Year of the JUUL

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    High school students are facing yet another dangerous substance temptation from 2017. Welcome to the year of the JUUL.

    A JUUL is “an alternative to smoking”, similar to vapes and e-cigarettes. Back in the day, high school students would sneak off into bathrooms to catch a smoke break. Now students do the same thing with their JUULs. This seems to be so easily done because of their sleek, discreet style. The black device looks similar to a USB, and is roughly the size of a finger. This makes it easier to hide in even the smallest of pockets, as opposed to a bulky vape. A JUUL is also less potent than a cigarette or vape.

    A JUUL also works simpler than a vape or cigarette. Cigarettes need to be lit, they can’t be brought inside and need to be put out once finished. Vapes need a button pressed, a level of nicotine needs to be chosen and require charged batteries. According to, the nicotine level is similar to that of a pack of cigarettes – using a JUUL is not meant to cease the nicotine consumption. Juuls require no buttons and can be hit once or twice and be done.

    While all of these features are manufactured and marketed by the company, it is the nicotine buzz that captures the user.

    “It gives a crazy buzz,” said a Mehlville senior. “It mellows you out.”

    JUULs gained popularity earlier in 2017, but became a huge deal towards the beginning of the 2017-2018 school year. They aren’t just popular in St. Louis – these guys made it to USA Today because they are so popular among high schools across the nation.

    This raises concern to many because most high school students do not smoke cigarettes before they start using a JUUL.

    According to, “We believe JUUL is the first viable alternative for adult smokers. Smoking is bad for your health, and those who don’t currently use nicotine products should not start.”

    The key word is “adult” in this statement. According to, Missouri has more than average rates of high school smoking. To battle that, the county passed an ordinance that pushed the legal age of purchasing tobacco to 21 instead of 18.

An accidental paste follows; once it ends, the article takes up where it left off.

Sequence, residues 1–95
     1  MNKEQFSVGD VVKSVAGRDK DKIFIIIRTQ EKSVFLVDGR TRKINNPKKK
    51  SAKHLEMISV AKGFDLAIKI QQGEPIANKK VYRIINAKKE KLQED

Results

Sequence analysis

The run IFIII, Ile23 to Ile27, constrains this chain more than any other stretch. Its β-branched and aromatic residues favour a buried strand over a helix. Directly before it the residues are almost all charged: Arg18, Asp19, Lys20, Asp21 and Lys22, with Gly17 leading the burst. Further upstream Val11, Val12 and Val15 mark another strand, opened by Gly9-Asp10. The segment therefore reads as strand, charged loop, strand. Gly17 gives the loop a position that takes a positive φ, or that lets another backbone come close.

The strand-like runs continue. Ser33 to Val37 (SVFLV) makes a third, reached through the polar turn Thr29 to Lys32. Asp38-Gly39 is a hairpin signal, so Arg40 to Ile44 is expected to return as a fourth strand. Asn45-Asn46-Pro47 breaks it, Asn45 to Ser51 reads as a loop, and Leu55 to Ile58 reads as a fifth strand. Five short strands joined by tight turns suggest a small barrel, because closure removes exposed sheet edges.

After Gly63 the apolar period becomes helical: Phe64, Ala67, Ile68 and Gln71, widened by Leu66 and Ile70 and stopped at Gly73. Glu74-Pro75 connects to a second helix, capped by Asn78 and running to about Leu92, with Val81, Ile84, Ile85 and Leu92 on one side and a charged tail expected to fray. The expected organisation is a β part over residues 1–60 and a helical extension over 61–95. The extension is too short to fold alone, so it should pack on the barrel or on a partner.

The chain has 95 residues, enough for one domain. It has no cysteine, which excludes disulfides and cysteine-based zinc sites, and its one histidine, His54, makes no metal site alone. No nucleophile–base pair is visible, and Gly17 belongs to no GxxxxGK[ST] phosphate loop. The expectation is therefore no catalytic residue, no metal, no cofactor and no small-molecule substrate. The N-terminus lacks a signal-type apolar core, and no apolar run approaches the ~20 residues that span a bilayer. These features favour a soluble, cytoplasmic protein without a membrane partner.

Buying a JUUL and the corresponding pods can cause a big dent in someone’s wallet as well. A starter kit – which comes with the JUUL piece, a charger, and a variety pack of 4 pods – can cost an average of $50. Pods can cost anywhere from $15-$20, depending on the store or site. A student using a pack in one week could average a cost of $60-$80 a month.

    Because JUULs are so new, there’s not a lot of solid evidence to prove they have specific health effects. However, vapes and other e-cigarettes can lead to popcorn lung.

    “When inhaled, diacetyl causes bronchiolitis obliterans – more commonly referred to as “popcorn lung” – a scarring of the tiny air sacs in the lungs resulting in the thickening and narrowing of the airways,” according to the American Lung Association (ALA).

    While the evidence is lacking as of right now that JUULs can cause popcorn lung, there are still health effects that are known to be caused by JUULs. Diacetyl is a chemical placed in some liquids used in vapes and e-cigarettes. Diacetyl is used for flavoring. JUULs do not have diacetyl, according to However, at the bottom of the company website, they state that, “this product contains chemicals known to the state of California to cause cancer and birth defects or other reproductive harm.”

    Owning a JUUL can also create disciplinary consequences for a student who brings one to campus.

    “We usually do two days in school [suspension] for possession, and two days out of school [suspension] for use, and then we go up from there,” said Assistant Principal Gregory Ruzicka.

Students need to consider all of this before they take the dive into purchasing a JUUL, or any smoking product for that matter. Ask yourself, “Am I ready to handle these consequences?”